U.K. efficiency law

Aug. 23, 1999
The U.K. government plans to extend into the gas supply sector legislation that requires electricity supply companies to help out poor customers.

The U.K. government plans to extend into the gas supply sector legislation that requires electricity supply companies to help out poor customers.

The details are spelled out in a consultation document published by the Office of Gas and Electricity Markets (Ofgem), which addresses government concern about "fuel poverty" in Britain (OGJ, May 31, 1999, p. 35).

The proposals, published as "Energy efficiency-a consultation document," are aimed at promoting energy saving as a means of reducing poor people's fuel bills.

Ofgem said the proposals build on existing standards for electricity companies that run until Mar. 31, 2000. The measures would require suppliers to spend £1/year for every gas and electricity customer.

Energy Minister John Battle announced that government would introduce legislation "when parliamentary time permits" to add the proposals to statutory obligations on gas and electricity suppliers starting Mar. 31, 2000.

Variety of schemes

The Energy Saving Trust (EST), a nonprofit distributing company set up in 1993 by government and major energy companies, welcomed the proposals.

An EST official explained that electricity companies have been required since 1994 to spend £1/year on each customer and have done this through their own schemes or in joint programs with local authorities and charities.

"The type of schemes vary," said the official, "from the provision of free or cut-price energy-saving light bulbs to the installation, either free or subsidized, of cavity wall or loft insulation in homes.

"We expect the gas sector schemes to take a similar approach, but focusing, say, on better heating schemes, such as condensing boilers, and the fitting of new control systems, as well as installing insulation."

The proposals are intended to affect all 19 million U.K. gas customers: 60% of the £1/customer raised would be spent on the "fuel-poor," while 40% would be spent on providing incentives for others to improve energy efficiency in their homes.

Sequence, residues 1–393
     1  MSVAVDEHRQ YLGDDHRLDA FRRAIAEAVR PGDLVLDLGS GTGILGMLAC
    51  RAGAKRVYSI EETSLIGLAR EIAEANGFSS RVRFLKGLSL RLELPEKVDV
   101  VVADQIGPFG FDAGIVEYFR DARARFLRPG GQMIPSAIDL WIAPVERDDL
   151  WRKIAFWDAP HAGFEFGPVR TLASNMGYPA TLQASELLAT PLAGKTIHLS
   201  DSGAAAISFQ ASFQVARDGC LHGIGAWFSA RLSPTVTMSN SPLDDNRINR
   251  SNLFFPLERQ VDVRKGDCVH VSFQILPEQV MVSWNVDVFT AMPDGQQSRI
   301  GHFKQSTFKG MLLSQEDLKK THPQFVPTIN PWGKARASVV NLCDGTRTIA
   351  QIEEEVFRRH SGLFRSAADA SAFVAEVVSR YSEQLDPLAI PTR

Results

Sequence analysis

While the proposals are not yet law, there is little doubt that they will become so, since the government is keen to legislate for a long-term funding mechanism.

Tony Boorman, deputy director general of Ofgem, said that the existing standards have worked well in helping electricity customers, particularly those who struggle to pay their fuel bills.

"We are keen to see the success of the present scheme maintained and extended," said Boorman, "so that gas customers can also benefit. We also want to ensure a smooth transition to standards that the government aims to set in the future."

EST Chairman Peter Lehmann said: "We will be arguing for a contribution of about £2/year for each gas and electricity customer-the same level as has recently been proposed by the Northern Ireland energy regulator.

"The present £/year per electricity customer contribution has remained the same since standards were introduced in 1994; set against inflation and consistently falling gas and electricity prices, the energy efficiency contribution can be increased without a real rise in energy bills."